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Oklahoma SDE Releases School Report Cards
Oklahoma SDE Releases School Report Cards
Rob Miller
Sunday, March 03, 2019

March 3, 2019

Spartan Families, 

Last Thursday, the State School Board approved the newest version of the Oklahoma School Report Cards. Due to changing state standards and updated testing benchmarks, this is the first time in over two years that schools in our state have received a comprehensive report card.

You can access the report cards for Bixby Schools and all Oklahoma public schools via the state website: The state dashboard provides extensive information relative to how individual schools performed across multiple indicators of school success and presents comparative data with other schools across the state. 

One of the nice features on the new dashboard is accessibility for parents to the Oklahoma State Testing Program's Parent/Student Portal. If you have a child who participated in state testing last year, you can access his/her individual reports by clicking on the "Your Student" tab on top, then setting up an account. 

This year, most Oklahoma schools received ratings in the areas of Academic Achievement, English Language Proficiency Progress, and Chronic Absenteeism. Elementary and middle schools with more than one tested grade were also were rated for Academic Growth. This indicator tracks how individual students perform from one year to the next and awards points to schools based on student growth in tested subjects. High schools received additional ratings in Graduation Rate and Post-Secondary Opportunities. Detailed descriptions for all indicators can be found on the State Department of Education website HERE.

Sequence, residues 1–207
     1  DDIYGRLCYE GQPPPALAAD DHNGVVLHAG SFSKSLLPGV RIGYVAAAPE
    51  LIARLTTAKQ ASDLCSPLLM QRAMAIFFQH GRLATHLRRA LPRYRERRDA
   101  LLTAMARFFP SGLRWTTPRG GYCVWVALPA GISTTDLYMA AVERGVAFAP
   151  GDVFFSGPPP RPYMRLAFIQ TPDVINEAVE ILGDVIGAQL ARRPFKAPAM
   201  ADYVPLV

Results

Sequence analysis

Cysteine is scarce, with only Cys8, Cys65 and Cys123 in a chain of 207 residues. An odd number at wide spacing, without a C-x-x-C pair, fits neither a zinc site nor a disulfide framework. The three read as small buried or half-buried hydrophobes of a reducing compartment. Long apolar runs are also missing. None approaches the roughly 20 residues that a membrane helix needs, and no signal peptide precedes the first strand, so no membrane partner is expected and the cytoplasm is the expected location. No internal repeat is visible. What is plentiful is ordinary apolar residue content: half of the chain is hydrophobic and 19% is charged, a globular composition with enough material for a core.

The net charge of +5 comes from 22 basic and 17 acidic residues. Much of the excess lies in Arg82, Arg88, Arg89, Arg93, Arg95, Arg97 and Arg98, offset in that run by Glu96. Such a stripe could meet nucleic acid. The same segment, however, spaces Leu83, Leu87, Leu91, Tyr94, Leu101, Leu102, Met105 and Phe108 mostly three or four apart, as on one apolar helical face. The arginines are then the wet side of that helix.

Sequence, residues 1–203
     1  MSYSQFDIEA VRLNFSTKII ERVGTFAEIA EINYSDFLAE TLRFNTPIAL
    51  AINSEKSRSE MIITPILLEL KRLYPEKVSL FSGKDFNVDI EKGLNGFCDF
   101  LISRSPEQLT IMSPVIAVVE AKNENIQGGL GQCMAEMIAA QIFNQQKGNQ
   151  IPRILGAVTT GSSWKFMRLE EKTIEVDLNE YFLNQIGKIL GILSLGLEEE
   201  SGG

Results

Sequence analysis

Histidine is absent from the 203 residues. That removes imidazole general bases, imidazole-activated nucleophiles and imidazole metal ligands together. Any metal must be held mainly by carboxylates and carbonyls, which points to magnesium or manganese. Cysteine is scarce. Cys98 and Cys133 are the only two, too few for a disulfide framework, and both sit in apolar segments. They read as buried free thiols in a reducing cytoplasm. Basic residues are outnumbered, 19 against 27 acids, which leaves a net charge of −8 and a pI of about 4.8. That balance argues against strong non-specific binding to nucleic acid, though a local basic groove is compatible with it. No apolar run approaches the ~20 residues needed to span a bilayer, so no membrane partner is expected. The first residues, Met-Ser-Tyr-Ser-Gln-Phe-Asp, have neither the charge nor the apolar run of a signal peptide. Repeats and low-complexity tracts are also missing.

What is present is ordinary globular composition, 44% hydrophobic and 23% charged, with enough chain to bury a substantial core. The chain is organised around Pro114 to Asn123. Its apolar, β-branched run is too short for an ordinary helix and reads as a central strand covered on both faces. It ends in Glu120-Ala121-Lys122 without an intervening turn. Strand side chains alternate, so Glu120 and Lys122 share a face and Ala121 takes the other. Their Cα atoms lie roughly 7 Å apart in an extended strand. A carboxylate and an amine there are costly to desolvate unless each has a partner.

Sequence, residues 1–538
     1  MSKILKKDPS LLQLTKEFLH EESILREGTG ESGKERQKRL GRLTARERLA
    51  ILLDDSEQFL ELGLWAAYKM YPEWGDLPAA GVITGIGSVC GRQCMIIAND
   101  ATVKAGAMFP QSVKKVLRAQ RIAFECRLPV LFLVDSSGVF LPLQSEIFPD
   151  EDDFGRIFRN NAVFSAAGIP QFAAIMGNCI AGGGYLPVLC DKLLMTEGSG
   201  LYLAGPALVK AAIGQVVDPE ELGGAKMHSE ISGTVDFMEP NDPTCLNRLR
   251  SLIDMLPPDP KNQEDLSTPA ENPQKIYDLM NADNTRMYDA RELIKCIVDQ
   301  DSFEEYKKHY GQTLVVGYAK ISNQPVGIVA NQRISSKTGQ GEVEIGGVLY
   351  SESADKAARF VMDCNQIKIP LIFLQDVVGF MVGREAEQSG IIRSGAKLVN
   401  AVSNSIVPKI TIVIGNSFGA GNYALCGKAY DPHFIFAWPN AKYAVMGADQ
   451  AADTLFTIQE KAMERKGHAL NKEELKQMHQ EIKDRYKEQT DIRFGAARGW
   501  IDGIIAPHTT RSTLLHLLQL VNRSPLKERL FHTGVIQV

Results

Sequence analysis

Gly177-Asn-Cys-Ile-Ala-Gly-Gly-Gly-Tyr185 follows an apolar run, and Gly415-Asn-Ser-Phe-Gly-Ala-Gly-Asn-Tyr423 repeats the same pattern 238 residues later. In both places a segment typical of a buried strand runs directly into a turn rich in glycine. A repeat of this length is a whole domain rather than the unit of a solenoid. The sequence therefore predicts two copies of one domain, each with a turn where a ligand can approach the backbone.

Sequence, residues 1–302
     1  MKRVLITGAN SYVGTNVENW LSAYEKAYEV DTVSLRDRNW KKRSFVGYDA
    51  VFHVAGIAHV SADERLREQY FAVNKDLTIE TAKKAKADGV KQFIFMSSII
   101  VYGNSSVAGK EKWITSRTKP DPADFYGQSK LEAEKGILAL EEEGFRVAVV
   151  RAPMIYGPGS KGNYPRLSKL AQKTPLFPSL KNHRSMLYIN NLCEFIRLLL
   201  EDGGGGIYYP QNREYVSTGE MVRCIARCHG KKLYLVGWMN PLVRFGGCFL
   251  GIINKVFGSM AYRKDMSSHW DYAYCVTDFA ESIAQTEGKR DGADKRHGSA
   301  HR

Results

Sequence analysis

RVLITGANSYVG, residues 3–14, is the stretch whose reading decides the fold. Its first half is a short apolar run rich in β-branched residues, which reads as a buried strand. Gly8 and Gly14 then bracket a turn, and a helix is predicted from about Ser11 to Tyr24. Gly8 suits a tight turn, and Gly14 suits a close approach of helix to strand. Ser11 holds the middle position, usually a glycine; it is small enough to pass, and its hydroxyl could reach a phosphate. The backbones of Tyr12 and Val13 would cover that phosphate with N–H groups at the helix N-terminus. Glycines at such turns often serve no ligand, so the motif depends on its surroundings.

The report cards for North Elementary and Bixby High School are provided below as examples. 

Central Elementary and North Elementary were the only two schools in Bixby that did not receive an overall grade. Despite scoring well on the other individual indicators, an overall score for CE and NE could not be calculated because they only have one tested grade (3rd), thus a growth score could not be included. All other Bixby schools earned an overall grade of B. 

In accordance with revised guidelines from the 2016 Federal Every Student Succeeds Act (ESSA), the state is required to identify the bottom five percent of schools in Oklahoma for targeted assistance. These schools earned an overall "F" grade. As a result, the state also assigned "A's" only to schools in the top five percent based on overall ratings. 

The state also forced a standard distribution (bell curve) across the remaining statewide results. Therefore, approximately 12-15% of schools statewide also earned a "B" or a "D" respectively, while the vast majority of schools, about 60-65%, earned an overall grade of "C". In short, an overall grade of B represents a score in the top 15-20% of schools in Oklahoma. The fact that Bixby schools earned B's across the board is commendable!